Climate Change to Widen Range of Disease-Carrying Mosquitoes
Infectious diseases, such as dengue and the Zika virus, could spread to new parts of the world as mosquitoes expand their habitats in a warmer, wetter world, a new study suggests.
By 2061-80, an additional half a billion people could be at risk from diseases carried by the Aedes aegypti mosquito, the study says – and could even rise to more than five billion under a scenario of high population growth.
Estimates suggest 390 million people a year are infected with dengue and the recent outbreak of the Zika virus in South America has largely been driven by Aedes aegypti.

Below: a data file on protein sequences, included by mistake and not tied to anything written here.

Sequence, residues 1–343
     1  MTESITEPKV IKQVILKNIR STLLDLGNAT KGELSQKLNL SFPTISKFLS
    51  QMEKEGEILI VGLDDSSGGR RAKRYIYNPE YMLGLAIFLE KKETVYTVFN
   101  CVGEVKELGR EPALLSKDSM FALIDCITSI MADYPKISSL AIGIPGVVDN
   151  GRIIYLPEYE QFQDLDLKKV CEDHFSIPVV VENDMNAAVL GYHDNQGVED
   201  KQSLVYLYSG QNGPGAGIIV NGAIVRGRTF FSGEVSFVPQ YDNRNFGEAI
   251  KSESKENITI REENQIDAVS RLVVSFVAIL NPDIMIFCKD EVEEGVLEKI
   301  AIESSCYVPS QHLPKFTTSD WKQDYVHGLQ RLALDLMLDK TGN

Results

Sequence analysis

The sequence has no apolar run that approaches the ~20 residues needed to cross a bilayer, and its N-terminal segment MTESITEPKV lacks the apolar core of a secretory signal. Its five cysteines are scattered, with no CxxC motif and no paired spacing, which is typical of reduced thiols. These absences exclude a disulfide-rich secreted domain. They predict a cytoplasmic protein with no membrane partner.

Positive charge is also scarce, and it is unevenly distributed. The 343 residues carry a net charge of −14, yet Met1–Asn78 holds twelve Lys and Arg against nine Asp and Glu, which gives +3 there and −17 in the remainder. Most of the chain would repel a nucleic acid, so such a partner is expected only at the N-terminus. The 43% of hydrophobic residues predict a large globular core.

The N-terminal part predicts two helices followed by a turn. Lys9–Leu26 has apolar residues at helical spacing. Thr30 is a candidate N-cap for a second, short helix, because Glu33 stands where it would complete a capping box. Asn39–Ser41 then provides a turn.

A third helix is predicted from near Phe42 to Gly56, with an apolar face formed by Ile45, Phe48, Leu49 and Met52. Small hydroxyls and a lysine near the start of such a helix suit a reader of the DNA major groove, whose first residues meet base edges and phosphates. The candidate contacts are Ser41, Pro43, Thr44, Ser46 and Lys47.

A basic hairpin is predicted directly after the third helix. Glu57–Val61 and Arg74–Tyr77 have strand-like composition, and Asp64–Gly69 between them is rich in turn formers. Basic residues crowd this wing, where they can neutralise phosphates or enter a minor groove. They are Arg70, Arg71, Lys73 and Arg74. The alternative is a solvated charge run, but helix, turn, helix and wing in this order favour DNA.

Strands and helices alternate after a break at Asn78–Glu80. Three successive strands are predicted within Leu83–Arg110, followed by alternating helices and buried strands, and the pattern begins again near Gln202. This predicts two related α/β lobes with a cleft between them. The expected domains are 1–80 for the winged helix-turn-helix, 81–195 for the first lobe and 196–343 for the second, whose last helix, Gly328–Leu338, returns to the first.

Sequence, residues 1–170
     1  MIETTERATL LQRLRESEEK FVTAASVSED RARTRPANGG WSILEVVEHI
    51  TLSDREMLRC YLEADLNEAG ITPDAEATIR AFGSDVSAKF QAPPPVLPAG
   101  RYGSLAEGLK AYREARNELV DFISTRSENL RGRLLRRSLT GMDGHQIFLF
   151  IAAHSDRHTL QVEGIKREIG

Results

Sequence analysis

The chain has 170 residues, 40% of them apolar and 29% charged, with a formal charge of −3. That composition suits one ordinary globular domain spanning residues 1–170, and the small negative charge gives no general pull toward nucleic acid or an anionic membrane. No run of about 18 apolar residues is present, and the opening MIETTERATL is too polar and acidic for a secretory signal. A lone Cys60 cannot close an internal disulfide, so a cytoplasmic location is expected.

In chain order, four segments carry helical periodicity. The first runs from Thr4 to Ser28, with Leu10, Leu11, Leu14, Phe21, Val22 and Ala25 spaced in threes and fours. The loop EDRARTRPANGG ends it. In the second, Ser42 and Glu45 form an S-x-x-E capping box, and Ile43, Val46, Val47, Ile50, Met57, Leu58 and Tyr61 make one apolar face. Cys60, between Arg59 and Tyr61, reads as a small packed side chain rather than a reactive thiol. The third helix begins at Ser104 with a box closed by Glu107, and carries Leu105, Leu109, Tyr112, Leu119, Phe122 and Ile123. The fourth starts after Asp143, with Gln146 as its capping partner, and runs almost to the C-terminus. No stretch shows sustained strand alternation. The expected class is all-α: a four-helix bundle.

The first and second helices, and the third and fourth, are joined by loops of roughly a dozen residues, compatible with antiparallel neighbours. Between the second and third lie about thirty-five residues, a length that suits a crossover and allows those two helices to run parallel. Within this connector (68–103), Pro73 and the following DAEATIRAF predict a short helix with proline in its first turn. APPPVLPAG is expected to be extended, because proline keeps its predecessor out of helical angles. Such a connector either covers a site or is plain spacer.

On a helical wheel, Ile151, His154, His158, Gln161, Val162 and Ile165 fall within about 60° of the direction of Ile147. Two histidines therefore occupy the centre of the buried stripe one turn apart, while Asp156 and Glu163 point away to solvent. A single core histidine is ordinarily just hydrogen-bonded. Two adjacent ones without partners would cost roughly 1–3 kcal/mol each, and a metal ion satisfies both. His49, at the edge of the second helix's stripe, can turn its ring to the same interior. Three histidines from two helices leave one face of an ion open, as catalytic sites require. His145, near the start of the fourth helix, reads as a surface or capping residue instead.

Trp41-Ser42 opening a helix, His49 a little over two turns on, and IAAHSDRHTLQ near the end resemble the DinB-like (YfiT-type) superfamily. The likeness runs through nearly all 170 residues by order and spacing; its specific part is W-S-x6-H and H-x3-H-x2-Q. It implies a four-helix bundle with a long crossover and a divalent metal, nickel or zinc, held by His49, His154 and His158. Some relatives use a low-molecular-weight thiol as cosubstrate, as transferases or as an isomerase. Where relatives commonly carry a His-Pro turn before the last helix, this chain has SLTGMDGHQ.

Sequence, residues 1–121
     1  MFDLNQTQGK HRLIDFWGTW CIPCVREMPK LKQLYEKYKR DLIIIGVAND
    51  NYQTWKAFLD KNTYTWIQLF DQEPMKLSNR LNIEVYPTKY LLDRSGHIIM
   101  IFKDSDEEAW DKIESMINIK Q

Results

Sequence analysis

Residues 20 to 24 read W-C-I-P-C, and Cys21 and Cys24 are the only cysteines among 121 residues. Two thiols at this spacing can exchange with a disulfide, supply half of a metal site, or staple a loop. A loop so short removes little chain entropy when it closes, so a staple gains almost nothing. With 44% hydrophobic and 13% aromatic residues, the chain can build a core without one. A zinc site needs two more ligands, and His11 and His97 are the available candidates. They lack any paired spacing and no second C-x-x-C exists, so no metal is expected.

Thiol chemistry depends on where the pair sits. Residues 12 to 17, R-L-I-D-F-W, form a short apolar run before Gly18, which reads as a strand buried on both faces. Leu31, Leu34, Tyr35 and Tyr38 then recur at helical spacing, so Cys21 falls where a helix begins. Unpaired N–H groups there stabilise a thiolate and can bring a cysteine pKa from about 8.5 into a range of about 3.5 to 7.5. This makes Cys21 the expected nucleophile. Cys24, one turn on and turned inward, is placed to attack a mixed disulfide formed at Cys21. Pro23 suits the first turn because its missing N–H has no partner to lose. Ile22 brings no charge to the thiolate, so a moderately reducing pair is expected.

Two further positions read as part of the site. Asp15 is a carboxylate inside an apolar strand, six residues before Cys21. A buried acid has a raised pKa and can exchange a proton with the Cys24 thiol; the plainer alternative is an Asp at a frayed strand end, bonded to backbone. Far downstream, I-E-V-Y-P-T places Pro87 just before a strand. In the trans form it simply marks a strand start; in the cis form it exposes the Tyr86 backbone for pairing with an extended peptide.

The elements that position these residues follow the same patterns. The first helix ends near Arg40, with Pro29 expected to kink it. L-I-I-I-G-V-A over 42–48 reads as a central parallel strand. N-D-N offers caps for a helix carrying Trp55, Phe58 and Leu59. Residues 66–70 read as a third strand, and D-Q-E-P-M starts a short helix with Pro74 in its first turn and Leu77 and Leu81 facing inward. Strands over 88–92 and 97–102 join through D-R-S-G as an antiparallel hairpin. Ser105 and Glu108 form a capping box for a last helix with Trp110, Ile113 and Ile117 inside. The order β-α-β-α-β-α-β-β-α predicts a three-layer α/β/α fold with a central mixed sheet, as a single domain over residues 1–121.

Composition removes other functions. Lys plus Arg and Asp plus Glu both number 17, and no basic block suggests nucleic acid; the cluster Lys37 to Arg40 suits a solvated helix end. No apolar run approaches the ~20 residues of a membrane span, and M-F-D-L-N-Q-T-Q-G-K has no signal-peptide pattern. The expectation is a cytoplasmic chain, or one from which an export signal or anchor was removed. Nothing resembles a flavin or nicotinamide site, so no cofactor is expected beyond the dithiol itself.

Currently, approximately 63% of the world’s population live in areas where Aedes aegypti are found. The range of these mosquitoes is largely limited by climate – they like the hot, wet conditions of the tropics and subtropics.
However, a new study, published this week in the journal Climatic Change, suggests their habitat could expand as the climate warms – putting millions more people at risk from the viruses they carry.